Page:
Thursday, 25 November 2010

The Trials of Trials and Studies

My experience has been that a cancer diagnosis brings a plethora of invitations to participate in studies. Many of these require only a one-off blood sample and/or questionnaire. A few involve some sort of ongoing regular participation.

In the early days, when standing still was difficult enough and moving forward was just a far off ambition, the decision as to whether or not to take part was very straightforward.  If it seemed likely to be of reasonable benefit to me or to future generations, I tended to do it. As a result, I gave a lot of blood samples, filled in numerous questionnaires and was even interviewed about the involvement of friends and family in my decision making processes.

Now that I am a couple of years on (surgery was 2 years ago tomorrow), I'm a bit more discriminating but still happy to participate in studies involving one-off samples or forms that might lead to important work around understanding and preventing breast cancer or in moving forwards after acute treatment. The difficulty for me is with those studies that involve ongoing participation.

I appreciate that much important work can be done only through ongoing studies, but they also serve as an ongoing reminder.  When I'm down to just an annual visit each to surgeon and oncologist, 4 monthly, or even worse 2 monthly, tests of one sort or another are a less than welcome reminder of the problems that could arise. There is the anxiety that always accompanies waiting for results and even more when repeats are needed or problems, however minor, are identified.

At the moment I am (yet again) feeling somewhat ambivalent about the ovarian screening study. The study people are lovely, the work they are doing is extremely valuable and I have already benefitted from it. However, there is a very big "but", and that is that not only does it raise anxiety from time to time, it also makes it hard to get back to everyday life. So far I have had an ultrasound that had to be repeated, a blood test that triggered a request for a repeat and another that was problematic.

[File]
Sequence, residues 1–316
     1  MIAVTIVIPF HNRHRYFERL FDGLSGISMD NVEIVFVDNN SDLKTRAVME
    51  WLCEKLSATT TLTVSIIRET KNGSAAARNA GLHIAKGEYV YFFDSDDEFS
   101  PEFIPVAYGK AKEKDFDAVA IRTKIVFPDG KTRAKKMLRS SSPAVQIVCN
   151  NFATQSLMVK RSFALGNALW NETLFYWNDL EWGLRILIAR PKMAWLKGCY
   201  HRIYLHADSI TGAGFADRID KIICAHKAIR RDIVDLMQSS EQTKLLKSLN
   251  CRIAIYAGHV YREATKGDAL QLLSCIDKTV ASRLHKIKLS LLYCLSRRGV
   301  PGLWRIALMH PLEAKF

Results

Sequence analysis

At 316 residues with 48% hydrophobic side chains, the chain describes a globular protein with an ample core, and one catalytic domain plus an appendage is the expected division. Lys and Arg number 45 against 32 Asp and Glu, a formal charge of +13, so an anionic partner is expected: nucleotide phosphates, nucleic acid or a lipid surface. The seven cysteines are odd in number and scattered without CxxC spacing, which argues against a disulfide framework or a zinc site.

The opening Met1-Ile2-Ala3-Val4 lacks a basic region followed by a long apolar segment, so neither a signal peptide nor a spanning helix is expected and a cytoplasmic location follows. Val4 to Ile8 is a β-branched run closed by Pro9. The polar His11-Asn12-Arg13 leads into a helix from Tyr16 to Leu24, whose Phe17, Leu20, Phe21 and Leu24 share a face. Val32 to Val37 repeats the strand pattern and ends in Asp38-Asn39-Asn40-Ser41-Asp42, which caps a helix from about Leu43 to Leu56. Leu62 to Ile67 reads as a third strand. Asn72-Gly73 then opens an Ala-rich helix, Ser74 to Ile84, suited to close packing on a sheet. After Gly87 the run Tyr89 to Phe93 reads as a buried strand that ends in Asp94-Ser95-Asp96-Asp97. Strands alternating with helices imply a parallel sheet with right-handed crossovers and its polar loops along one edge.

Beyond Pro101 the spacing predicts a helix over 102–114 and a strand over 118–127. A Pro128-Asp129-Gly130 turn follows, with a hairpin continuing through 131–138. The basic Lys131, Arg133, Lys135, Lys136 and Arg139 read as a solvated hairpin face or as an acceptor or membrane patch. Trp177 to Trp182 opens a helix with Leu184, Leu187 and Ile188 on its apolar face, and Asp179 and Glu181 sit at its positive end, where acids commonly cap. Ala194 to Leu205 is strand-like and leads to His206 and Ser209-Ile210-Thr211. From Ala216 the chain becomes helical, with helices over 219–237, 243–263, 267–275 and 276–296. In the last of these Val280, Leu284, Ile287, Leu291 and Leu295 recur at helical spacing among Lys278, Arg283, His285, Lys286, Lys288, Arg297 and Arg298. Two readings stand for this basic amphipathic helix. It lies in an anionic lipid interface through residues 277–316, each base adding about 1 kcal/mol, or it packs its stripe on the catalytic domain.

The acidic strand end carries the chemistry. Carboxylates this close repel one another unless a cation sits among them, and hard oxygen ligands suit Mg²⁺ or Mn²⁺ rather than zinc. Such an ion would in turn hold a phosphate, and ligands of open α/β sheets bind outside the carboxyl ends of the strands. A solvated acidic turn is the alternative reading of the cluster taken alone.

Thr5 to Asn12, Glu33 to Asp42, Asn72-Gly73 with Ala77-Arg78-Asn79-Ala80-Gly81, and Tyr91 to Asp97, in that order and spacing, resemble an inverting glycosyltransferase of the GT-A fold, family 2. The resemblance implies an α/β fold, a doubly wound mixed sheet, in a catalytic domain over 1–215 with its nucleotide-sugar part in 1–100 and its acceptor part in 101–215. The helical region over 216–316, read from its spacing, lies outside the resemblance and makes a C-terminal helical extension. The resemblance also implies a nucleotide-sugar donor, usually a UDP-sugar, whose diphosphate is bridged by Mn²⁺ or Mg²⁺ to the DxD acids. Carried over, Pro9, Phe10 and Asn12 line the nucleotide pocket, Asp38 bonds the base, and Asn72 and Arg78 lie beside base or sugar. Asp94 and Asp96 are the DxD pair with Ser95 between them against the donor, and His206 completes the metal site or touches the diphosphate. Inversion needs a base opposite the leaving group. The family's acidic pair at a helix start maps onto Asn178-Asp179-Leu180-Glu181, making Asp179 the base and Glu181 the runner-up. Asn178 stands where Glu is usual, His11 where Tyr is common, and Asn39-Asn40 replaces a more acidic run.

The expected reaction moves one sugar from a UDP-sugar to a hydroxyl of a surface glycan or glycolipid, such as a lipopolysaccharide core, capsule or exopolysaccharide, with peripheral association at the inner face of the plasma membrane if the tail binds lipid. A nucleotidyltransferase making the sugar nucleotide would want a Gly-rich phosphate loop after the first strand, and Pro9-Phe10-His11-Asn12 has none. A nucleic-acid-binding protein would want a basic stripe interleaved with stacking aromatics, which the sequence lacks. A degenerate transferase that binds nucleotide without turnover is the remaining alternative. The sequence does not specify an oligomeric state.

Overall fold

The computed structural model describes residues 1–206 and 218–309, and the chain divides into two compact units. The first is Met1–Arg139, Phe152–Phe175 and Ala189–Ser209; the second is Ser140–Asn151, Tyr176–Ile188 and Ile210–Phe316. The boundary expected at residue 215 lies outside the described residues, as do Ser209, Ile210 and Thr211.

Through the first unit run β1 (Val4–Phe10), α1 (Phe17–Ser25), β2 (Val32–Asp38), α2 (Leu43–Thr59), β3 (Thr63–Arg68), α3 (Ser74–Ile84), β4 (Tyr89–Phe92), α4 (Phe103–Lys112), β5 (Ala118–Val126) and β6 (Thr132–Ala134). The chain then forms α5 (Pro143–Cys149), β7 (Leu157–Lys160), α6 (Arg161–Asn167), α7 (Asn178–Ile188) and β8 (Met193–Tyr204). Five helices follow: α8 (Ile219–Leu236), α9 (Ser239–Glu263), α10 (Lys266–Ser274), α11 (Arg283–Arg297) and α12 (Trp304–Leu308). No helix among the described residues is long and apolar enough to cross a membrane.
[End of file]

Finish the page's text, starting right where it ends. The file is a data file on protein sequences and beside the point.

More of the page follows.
The study people generally present repeat requests in a calming way, but the hospital concerned is not always so considerate. Having said that, the hospital letters can, in retrospect, appear a bit comical! I received 3 letters about a repeat blood test.  The first, from the study, said that because of the variation between my first and second set of results, the computer needed another to establish what is normal for me.  Fair enough I thought, once the initial anxiety subsided. Then I had a letter from the hospital saying that because it was increased from the previous level it had triggered a request for a repeat and I might want to discuss the endometrial thickening with my GP to see if a gynae referral was indicated.  This was followed by another letter from the hospital to say that the (same) blood test reading was "the highest it has been for you" and that they needed to repeat it "just to keep an eye on things"! Oh but please don't be alarmed! Not surprisingly, my initial reaction was to be alarmed. One week the computer just needs further data and then two weeks later they need to keep an eye on things.

Then I stopped and thought about it. This was only my second blood test they were talking about - there was a 50% chance of it being "the highest it has been" for me! That third letter may have been alarmist but it was also vaguely silly.

It does, however, illustrate what for me is the drawback of being in the study. It can trigger a series of extra appointments and additional anxiety. As I wailed in an email to a patient friend "I just want my life back" rather than a string of tests and appointments. Fortunately Common Sense GP agreed with what Reassuring Radiologist had said and we decided that there was no need for a gynae referral unless I started getting worrying symptoms.

A part of me wants to come out of the study so that I don't have the additional tests and anxiety that almost certainly hamper my moving forwards. Balanced against that is the fact that I might derive benefit from it (although my risk is now assessed as being much lower than it was this time last year). Also weighing heavily with me is the fact that if people come out of studies like this just because it is stressful it can spoil the study - there is a psychosocial arm of the study looking at the stress element.

I've spoken with people who say that I should just think about what is right for me, weighing up the moving forward issue with the potential benefit without worrying about spoiling the study. I am mindful though that the study is now in its final year so it could be worth hanging in there for a bit longer. After all, finding a way to live with anxiety, appointments, risk and uncertainty is all part of learning how to live in the Land of New Normal.

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